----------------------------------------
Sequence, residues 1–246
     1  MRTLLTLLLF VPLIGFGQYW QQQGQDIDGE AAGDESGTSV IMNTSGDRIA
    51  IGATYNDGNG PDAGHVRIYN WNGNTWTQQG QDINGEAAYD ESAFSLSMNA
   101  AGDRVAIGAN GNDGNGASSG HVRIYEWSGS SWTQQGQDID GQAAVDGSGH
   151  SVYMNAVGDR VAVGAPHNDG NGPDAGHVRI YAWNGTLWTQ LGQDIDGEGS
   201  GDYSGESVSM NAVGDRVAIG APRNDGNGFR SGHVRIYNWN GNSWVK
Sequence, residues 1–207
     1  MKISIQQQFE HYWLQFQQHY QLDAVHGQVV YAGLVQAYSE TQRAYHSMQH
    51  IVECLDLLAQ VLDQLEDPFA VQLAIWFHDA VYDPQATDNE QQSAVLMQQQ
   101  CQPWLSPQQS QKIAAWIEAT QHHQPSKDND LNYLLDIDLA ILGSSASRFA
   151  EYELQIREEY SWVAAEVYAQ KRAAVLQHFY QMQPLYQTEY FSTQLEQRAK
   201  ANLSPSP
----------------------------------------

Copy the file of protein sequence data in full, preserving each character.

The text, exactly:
Sequence, residues 1–246
     1  MRTLLTLLLF VPLIGFGQYW QQQGQDIDGE AAGDESGTSV IMNTSGDRIA
    51  IGATYNDGNG PDAGHVRIYN WNGNTWTQQG QDINGEAAYD ESAFSLSMNA
   101  AGDRVAIGAN GNDGNGASSG HVRIYEWSGS SWTQQGQDID GQAAVDGSGH
   151  SVYMNAVGDR VAVGAPHNDG NGPDAGHVRI YAWNGTLWTQ LGQDIDGEGS
   201  GDYSGESVSM NAVGDRVAIG APRNDGNGFR SGHVRIYNWN GNSWVK
Sequence, residues 1–207
     1  MKISIQQQFE HYWLQFQQHY QLDAVHGQVV YAGLVQAYSE TQRAYHSMQH
    51  IVECLDLLAQ VLDQLEDPFA VQLAIWFHDA VYDPQATDNE QQSAVLMQQQ
   101  CQPWLSPQQS QKIAAWIEAT QHHQPSKDND LNYLLDIDLA ILGSSASRFA
   151  EYELQIREEY SWVAAEVYAQ KRAAVLQHFY QMQPLYQTEY FSTQLEQRAK
   201  ANLSPSP